Parallelogram 30 Year 9 4 Jun 2020Mathematical Timeline

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Noun: Parallelogram Pronunciation: /ˌparəˈlɛləɡram/

  1. a portmanteau word combining parallel and telegram. A message sent each week by the Parallel Project to bright young mathematicians.
  • Tackle each Parallelogram in one go. Don’t get distracted.
  • Finish by midnight on Sunday if your whole class is doing parallelograms.
  • Your score & answer sheet will appear immediately after you hit SUBMIT.
  • Don’t worry if you score less than 50%, because it means you will learn something new when you check the solutions.

1. History of Mathematics

The terrific Mathigon website has loads of great material, including a timeline showing the great mathematicians of past centuries. Visit the timeline (click and it will open up in a new tab) and answer the three questions below. Just enter the name given in the plum box.

So, if the answer is John Napier, just enter Napier, because that is the name that appears in the plum-coloured box on the timeline:

2 marks

1.1 Looking at mathematicians from 1600 to 1700, what is the surname of the mathematician who is best know for his Last Theorem?

Correct Solution: FERMAT

2 marks

1.2 Looking at mathematicians from 1700 to 1800, what is the surname of the mathematician who was from a family of mathematicians and scientists, which meant that he was banned from his father’s house for beating him at an award from the Paris Academy?

Correct Solution: BERNOULLI

2 marks

1.3 Looking at mathematicians from 1800 to 1900, what is the surname of the mathematician who proved that there are different sizes of infinity?

(Clue – David Hilbert was so amazed by his work, that he said “No one shall expel us from the paradise that [HE] has created.”)

Correct Solution: CANTOR

2 marks

1.4 Looking at mathematicians from 1800 to 1900, what is the surname of the mathematician who used statistics to revolutionise medicine and is even credited with promoting ‘infographics’?

Correct Solution: NIGHTINGALE

2. Intermediate Maths Challenge Problem (UKMT)

2 marks

2.1 An equilateral triangle is placed inside a larger equilateral triangle so that the diagram has three lines of symmetry.

What is the value of x?

  • 100
  • 110
  • 120
  • 130
  • 150

We label the vertices in the diagram as shown.

Because the figure is symmetrical about the line PS, PSU=PST.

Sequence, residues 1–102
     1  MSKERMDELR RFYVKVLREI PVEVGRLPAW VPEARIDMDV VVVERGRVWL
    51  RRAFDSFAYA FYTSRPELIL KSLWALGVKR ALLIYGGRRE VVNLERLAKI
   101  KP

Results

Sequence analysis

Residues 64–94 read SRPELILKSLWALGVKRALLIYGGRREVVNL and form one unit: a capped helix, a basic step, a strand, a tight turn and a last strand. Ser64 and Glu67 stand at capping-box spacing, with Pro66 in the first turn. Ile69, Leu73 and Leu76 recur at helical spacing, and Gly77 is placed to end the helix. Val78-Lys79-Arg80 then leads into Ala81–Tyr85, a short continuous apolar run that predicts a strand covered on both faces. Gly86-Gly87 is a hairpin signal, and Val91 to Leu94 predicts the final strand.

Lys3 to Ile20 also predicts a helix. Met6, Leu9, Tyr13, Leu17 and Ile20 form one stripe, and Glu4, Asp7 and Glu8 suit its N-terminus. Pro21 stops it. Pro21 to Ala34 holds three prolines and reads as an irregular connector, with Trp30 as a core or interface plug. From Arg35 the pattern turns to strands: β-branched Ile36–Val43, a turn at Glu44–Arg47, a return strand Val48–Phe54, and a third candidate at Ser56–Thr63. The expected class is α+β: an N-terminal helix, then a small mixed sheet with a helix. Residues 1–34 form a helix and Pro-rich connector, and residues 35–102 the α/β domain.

Since the triangle STU is equilateral, TSU=60°.

The angles at a point have sum 360°. Therefore:


and so


It follows that


Therefore x=150.

3. Cannonball Numbers

Last week, you watched a video about the mathematical problem of sphere packing.

This week, Matt Parker looks a problem all about stacking spheres. Take a look at the question below.

(If you have problems watching the video, right click to open it in a new window)

4 marks

3.1 If you stack 90,525,801,730 cannonballs in a pyramid, with a base shaped as a 31,265-agon, then how many layers of cannonballs will be in the pyramid?

Correct Solution: 259

4. Intermediate Maths Challenge Problem (UKMT)

4 marks

4.1 How many weeks are there in 8×7×6×5×4×3×2×1 minutes?

  • 1
  • 2
  • 3
  • 4
  • 5

There are 60=6×5×2 minutes in an hour, 24=8×3 hours in a day and 7 days in a week. It follows that the number of weeks in 8×7×6×5×4×3×2×1 minutes is:

8×7×6×5×4×3×2×16×5×2×8×3×7=4×1=4, after cancelling.

5. The world’s best chalk

I spotted this terrific video on the Great Big Story channel: “Once upon a time, not long ago, the math world fell in love ... with a chalk. But not just any chalk! This was Hagoromo: a Japanese brand so smooth, so perfect that some wondered if it was made from the tears of angels.”

Take a look and answer this question.

(If you have problems watching the video, right click to open it in a new window)

2 marks

5.1 One mathematician likens mathematics to several other activities. Which of the following does he NOT mention?

  • Craftsmanship
  • Engineering
  • Artistry
  • Science

Before you hit the SUBMIT button, here are some quick reminders:

  • You will receive your score immediately, and collect your reward points.
  • You might earn a new badge... if not, then maybe next week.
  • Make sure you go through the solution sheet – it is massively important.
  • A score of less than 50% is ok – it means you can learn lots from your mistakes.
  • The next Parallelogram is next week, at 3pm on Thursday.
  • Finally, if you missed any earlier Parallelograms, make sure you go back and complete them. You can still earn reward points and badges by completing missed Parallelograms.

Cheerio, Simon.